Stockton council fires city manager
Action follows revelation of possible $400,000 loss on Neil Diamond concert
By Cheryl Winkelman, STAFF WRITER
STOCKTON — City Manager Mark Lewis was fired by the Stockton City Council Tuesday, just days after it was announced a pricey Neil Diamond concert he authorized could mean a $400,000 loss for the city.
Along with city staff and the International Facility Group, the
company that manages the arena, Lewis arranged for Diamond to be paid a $1 million fee for performing what would be the first concert in the new Stockton Arena.
The concert, one piece of the downtown revitalization plan, was expected to bring in close to $119,000 in revenue, according to an early budget.
But Lewis informed City Council in a letter dated Jan. 13 that a loss of nearly $400,000 should be expected.
Diamond is a top act on the concert circuit, rated number eight among the top 10 touring acts. Average ticket prices exceed $60 at his performances. Last year Diamond’s tours grossed $47 million.
However, Councilman Clem Lee said the Neil Diamond concert was just one reason Lewis was terminated.
“He had established a pattern where he was not conducting his affairs in the scrupulous matter that was required,” Lee said.
What was missing was openness and forthrightness on the manager’s part, Lee added.
“At times, he took chances and made pretty huge sweeping decisions without consulting” the council, Lee said.
Councilman Dan Chapman cited similar problems.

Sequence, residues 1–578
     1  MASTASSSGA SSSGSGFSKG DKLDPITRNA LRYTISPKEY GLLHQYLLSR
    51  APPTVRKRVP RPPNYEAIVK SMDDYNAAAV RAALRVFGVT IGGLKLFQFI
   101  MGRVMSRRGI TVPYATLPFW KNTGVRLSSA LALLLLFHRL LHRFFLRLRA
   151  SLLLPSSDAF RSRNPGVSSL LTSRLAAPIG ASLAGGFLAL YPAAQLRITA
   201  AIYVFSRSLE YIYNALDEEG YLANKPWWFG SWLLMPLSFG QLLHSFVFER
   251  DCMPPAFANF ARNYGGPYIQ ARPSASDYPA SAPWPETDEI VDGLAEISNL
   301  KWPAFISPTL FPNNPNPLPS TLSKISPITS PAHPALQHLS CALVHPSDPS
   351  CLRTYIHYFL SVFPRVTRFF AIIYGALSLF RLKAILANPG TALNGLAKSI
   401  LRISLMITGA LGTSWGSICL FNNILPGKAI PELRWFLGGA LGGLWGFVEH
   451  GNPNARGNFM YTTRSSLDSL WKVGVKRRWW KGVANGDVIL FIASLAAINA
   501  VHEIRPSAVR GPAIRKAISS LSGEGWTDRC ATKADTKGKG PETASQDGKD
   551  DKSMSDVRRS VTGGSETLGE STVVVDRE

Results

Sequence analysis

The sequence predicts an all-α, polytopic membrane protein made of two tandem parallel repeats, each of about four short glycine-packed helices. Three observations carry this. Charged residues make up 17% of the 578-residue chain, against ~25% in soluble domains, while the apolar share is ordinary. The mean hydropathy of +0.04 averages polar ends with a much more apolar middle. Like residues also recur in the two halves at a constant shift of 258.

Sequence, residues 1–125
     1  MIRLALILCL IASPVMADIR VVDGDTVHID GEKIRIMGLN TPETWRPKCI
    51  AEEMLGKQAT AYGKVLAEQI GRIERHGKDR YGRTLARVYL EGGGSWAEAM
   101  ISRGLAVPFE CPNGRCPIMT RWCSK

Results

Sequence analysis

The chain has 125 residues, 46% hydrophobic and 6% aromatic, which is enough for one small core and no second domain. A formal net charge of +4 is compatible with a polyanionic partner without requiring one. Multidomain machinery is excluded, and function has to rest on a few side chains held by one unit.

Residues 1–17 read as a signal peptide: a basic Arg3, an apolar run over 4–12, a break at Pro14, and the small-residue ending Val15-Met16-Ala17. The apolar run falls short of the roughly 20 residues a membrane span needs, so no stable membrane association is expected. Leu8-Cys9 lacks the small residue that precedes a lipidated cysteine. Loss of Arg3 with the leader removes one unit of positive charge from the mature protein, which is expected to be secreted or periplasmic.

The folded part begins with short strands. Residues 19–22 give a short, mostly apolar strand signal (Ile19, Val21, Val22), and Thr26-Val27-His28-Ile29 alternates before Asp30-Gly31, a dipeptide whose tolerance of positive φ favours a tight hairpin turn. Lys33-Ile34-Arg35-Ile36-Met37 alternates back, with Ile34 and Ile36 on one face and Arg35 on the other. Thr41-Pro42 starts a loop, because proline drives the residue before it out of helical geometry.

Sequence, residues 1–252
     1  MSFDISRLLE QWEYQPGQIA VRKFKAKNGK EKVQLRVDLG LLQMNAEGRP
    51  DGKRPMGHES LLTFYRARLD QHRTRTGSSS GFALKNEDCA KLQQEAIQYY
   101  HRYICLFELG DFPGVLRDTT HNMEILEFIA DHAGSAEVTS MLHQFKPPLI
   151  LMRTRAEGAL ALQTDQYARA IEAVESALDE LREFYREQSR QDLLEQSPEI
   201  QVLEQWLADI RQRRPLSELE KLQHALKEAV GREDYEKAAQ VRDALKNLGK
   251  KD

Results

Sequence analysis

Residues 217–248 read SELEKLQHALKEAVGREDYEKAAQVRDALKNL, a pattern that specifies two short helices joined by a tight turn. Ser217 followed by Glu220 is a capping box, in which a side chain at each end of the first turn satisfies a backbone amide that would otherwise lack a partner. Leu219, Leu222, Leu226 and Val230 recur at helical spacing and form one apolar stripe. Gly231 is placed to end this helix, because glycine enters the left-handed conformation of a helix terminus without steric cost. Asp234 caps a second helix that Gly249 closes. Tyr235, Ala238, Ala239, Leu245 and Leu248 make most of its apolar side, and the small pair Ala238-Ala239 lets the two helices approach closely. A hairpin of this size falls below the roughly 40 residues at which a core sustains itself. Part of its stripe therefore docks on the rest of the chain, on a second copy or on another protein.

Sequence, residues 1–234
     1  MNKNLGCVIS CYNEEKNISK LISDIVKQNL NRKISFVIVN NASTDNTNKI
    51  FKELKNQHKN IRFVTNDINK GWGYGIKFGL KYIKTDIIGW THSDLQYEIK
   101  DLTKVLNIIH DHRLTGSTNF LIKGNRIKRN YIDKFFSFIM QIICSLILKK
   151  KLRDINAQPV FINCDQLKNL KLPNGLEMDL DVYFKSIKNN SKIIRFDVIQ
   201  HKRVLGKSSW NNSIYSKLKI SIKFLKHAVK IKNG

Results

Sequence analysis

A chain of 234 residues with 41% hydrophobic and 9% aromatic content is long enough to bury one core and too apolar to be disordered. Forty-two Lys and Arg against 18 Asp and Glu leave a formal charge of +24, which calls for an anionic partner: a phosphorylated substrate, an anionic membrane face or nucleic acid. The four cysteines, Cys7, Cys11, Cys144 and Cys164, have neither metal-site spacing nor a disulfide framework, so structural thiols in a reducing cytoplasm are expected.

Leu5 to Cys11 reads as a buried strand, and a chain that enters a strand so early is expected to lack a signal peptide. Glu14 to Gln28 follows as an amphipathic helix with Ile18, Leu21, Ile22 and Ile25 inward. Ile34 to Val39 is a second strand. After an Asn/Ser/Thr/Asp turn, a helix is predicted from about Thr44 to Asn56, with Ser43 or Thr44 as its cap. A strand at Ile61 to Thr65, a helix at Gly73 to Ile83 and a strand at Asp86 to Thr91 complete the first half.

“It came down to a matter of trust or lack thereof,” he said.
Both said the timing of Lewis’ dismissal so soon after the Diamond concert is coincidental.
“At whatever point you have lost confidence in your CEO, you must discuss it,” Lee said.
The termination decision was reached in a closed City Council session during which Mayor Edward Chavez and all five council members wanted to oust him. Vice Mayor Gary Giovanetti was Lewis’ only supporter.
He said he would have preferred to sit down with Lewis to establish some job performance guidelines before firing him.
“I was still of a mind that his
good deeds had outweighed his bad deeds,” Giovanetti said.
Lewis, he said, was instrumental in downtown’s redevelopment, including the new arena and ballpark.
Lewis’ “bad deeds” were getting “too far out in front of the council,” Giovanetti said, though he would not publicly discuss specifics because the council had agreed not to.
Lewis ran into some trouble in 2004 in Sonoma County, where he was charged with battery and resisting arrest for a bar fight at the Swiss Hotel.
Before Stockton, he served as the city manager in Union City.
His 2001 employment contract gave him $164,616 in an annual base salary, subject to performance increases. His severance package gives him seven months of his current base salary plus any leave time accrued.
Lewis did not return a call to his home.
Contact Cheryl Winkelman at (209) 832-6144 or firstname.lastname@example.org.